Listen up, young would-be vandals: SonicScreen, a new device designed to keep muskrats and miscreants out of family-friendly spaces could be headed for a playground, park, or schoolyard near you.
The device generates a modulated high-frequency tone that Jay Webber, who has installed these devices, claims can only be heard by people in the 13- to 25-year-old age range. A motion sensor detects your possibly pubescent presence and emits this harmless-but-abrasive signal until you get away from the monkey bars—or wherever you're not wanted. "For young people, it sounds like 15 or 20 people dragging their nails down a chalkboard," Webber told the Pioneer Press, a daily newspaper in Twin Cities, Minnesota.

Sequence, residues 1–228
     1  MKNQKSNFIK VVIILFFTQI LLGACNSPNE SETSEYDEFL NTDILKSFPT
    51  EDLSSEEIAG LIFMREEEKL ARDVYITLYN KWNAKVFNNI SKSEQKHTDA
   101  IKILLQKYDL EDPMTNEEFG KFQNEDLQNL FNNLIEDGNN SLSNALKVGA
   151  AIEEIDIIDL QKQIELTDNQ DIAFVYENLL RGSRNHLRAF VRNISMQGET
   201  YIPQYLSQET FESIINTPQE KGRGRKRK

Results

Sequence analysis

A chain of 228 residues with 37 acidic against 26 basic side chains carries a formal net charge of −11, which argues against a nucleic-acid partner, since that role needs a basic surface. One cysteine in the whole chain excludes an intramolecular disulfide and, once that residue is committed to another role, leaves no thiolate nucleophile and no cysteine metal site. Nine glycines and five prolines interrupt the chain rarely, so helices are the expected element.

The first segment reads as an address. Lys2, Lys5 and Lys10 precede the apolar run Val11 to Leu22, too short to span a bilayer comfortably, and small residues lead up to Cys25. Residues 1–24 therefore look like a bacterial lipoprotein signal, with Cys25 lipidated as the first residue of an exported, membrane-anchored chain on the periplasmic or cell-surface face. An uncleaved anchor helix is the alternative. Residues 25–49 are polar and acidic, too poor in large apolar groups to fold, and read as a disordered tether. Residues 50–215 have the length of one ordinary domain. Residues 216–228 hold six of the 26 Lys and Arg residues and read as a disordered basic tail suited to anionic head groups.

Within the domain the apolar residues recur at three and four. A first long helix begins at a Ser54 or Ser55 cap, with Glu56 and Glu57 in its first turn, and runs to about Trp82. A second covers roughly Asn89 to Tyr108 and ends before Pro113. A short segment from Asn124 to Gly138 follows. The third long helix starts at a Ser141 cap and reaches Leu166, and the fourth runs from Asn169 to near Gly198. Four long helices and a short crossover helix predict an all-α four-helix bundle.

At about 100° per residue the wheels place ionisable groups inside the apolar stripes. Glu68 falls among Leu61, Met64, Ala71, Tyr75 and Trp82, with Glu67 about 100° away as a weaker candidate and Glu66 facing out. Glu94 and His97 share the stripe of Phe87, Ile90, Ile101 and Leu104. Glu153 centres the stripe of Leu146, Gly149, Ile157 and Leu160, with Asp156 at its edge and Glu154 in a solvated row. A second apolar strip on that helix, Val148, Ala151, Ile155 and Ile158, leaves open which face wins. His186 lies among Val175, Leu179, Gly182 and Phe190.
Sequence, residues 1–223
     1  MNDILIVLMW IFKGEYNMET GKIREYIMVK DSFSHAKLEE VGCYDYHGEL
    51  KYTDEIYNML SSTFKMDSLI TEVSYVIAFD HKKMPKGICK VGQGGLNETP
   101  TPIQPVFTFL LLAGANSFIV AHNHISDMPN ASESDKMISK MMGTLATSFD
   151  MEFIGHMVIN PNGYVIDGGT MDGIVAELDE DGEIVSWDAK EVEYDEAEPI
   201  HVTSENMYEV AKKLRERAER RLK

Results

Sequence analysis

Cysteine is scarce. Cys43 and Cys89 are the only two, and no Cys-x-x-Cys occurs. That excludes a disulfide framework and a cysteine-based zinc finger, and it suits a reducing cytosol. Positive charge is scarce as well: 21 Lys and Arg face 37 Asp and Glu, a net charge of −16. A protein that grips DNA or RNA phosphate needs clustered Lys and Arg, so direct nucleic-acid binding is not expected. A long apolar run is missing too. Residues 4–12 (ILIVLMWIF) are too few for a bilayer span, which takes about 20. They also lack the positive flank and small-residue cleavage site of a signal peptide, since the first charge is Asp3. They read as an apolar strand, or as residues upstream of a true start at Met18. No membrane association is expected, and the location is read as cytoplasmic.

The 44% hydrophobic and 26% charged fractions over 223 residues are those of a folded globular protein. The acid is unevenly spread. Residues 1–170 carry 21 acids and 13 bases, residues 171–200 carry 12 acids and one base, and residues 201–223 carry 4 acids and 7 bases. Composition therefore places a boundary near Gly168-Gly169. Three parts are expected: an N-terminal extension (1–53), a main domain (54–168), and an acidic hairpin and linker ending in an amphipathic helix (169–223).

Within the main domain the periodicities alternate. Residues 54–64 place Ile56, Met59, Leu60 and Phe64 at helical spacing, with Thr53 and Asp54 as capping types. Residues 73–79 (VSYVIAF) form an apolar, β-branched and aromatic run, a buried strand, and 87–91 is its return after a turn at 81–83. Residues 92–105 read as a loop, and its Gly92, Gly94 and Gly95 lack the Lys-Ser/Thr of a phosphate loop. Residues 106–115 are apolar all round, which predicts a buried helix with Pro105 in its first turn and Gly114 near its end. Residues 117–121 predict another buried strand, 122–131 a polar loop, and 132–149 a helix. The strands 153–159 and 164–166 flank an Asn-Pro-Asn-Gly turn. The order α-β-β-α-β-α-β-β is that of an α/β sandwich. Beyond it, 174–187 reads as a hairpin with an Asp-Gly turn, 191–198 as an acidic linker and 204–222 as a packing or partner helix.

City officials in Hastings, Minnesota, are currently debating whether to buy the $7,000 device, but they aren't the first in the US to do so. Moving Sound Technologies installed its own version in Washington, DC's Gallery Place Metro station. It received mixed results and was eventually removed after David Moss of the National Youth Rights Association filed a complaint with the DC Office of Human Rights. There are similar products in the European market such as the Mosquito Alarm, installed in front of shops to discourage loiterers. Youth advocacy critics find the device discriminatory, anti-teen, and an inappropriate strategy. In the UK, a government-appointed children's commissioner even launched a campaign called Buzz Off, aimed at banning the Mosquito Alarm.